What’s new web actions?

A little over a month ago, I introduced web actions for creating serverless HTTP handlers with OpenWhisk.

Web actions allow one to run code in response to HTTP events, without deploying or managing their own servers. Web actions are built into the OpenWhisk core, and hence require no extra tooling or configuration (e.g., no need for an “API gateway” for the common case). This provides a much more convenient way to build front-end or back-end logic (e.g., user interface or REST API).

Web actions were first featured as an experimental API, and thanks to user feedback from our growing Slack community, we made several enhancements and graduated web actions to the core API. I will review the new features with a brief example.

Here is a Node.js function which takes a given msg argument and uses it as a response in the HTTP body:

function main(args) {
return { body: args.msg }

Save this function to a file called msg.js to turn it into a web action, using a new wsk CLI flag --web:

$ wsk action create hi msg.js --web yes

The action is now accessible from the new web API path:

$ curl https://{APIHOST}/api/v1/web/{ACTION NAME}

For IBM Cloud Functions, the APIHOST is openwhisk.ng.bluemix.net. The “action name” is the fully qualified name of the action which must include the namespace, the package name (or default if the action is not in a named package), and the name of the action. For convenience you can retrieve the full URL with the CLI:

$ wsk action get hi --url

You can plug the resultant URL into your browser, add a query parameter, and see the response. Here’s mine as an example:

https://openwhisk.ng.bluemix.net/api/v1/web/rabbah_demos/default/hi?msg=hello medium reader

The result of a web action, like any other OpenWhisk action must be a JSON object (e.g., { body: "hello." }). However web actions impose a schema on the response. It must include a body property which contains the HTTP response content. Optionally, response headers and a statusCode may be included. When the former is omitted, the content-type is automatically inferred. The status code is 200 unless specified explicitly.

Web actions receive query parameters as first class parameters in the action; for instance, the action directly accesses args.msg in the example above. This also applies to HTTP body entities for content-type application/json or application/x-www-form-urlencoded. If a query parameter also appears in the body, the latter supersedes.

It is also possible to access the “raw” HTTP query string and body entity. This means web actions can receive content-types other than JSON objects. A raw web action receives the request query parameters and body via two properties of the input argument: __ow_query and __ow_body. The former is a string as in __ow_query = "msg=Hello&name=Reader", and the latter is either a plain string, or a base64 encoded string when the content-type representation is binary data. An example of a raw web action that receives a JSON object (which is considered a binary data type) as __ow_body and converts it to String follows:

function main(args) {
let json = new Buffer(args.__ow_body, 'base64') # base64 decode
return { body: json.toString('utf-8') } # json as string

A raw web action must be declared as such when created or updated. Say the example function above is saved in a file called raw.js:

$ wsk action update hi raw.js --web raw
$ curl https://openwhisk.ng.bluemix.net/api/v1/web/rabbah_demos/default/hi -H "Content-Type: application/json" -X POST -d '{"msg":"Hello"}'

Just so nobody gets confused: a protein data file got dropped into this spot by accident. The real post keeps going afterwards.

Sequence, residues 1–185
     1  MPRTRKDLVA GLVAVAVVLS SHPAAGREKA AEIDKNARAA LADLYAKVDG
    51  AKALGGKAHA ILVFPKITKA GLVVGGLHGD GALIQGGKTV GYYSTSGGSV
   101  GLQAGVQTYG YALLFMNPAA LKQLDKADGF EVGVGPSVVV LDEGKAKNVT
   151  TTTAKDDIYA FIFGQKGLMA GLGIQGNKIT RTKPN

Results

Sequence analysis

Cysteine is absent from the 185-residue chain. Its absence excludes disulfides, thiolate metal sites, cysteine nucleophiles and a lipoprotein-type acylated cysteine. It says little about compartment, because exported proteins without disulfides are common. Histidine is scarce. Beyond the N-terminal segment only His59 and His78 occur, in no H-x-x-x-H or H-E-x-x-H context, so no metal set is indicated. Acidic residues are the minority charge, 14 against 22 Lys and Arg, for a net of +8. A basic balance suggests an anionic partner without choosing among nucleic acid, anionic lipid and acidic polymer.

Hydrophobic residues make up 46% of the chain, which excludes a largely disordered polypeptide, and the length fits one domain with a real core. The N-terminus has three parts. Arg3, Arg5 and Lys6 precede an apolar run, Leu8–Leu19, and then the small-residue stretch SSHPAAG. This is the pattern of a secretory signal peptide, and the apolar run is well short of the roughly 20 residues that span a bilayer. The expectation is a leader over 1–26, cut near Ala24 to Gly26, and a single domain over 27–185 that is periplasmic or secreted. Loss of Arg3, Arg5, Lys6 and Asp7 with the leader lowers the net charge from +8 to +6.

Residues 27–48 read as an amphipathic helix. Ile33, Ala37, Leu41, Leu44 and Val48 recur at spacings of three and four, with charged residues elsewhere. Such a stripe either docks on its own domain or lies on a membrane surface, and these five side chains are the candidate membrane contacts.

Note that the response content-type is “text” not JSON; you can confirm this by inspecting the headers (use curl -v), or by using one of several web action-name extensions that automatically set the content-type for the response based on the value of the extension. Specifically, repeating the HTTP request with a .text suffix on the action name as in hi.text will automatically set the response header Content-Type: text/plain; charset=UTF-8. The API provides 5 common extensions: .html.http,
.json.text and .svg, with .http as the default if no extension is specified.

All but the .http extension allow you to project a specific field from the action response. So for the raw.js example, the value to project as “text” is body. Here is the actual curl command (with the extension and the projected value in bold font):

$ curl https://openwhisk.ng.bluemix.net/api/v1/web/rabbah_demos/default/hi.text/body -H "Content-Type: application/json" -X POST -d '{"msg":"Hello"}'

The extensions are convenient for returning common formats, allowing you to eschew setting headers explicitly. The default projection for .text is /text (e.g., return { text: “some string” }) and may be omitted. For .html it is /html and for .svg it is /svg. There is no default projection for .json, and the .http does not support this feature.

So in summary:

  1. Web actions may be created using the wsk CLI via --web yes to enable, --web no to disable, and --web raw for raw web actions.
  2. Raw web actions receive __ow_body and __ow_query as uninterpreted entities. In addition, all web actions receive headers, unmatched paths, and the HTTP methods respectively as __ow_headers, __ow_path, __ow_method.
  3. The .http extension may be omitted as it is the default. For added convenience, a new .svg extension now exists for serving image/svg+xml content.
  4. Lastly, we added support for all the HTTP methods, so web actions allow you to handle PATCH, HEAD, and OPTIONS methods as well as the common REST verbs POST, PUT, GET, and DELETE.

More information on web actions is available on GitHub. The features described in this article are available to try with IBM Cloud Functions.

Do you have feedback for us? Join us on Slack and be part of the evolution of OpenWhisk.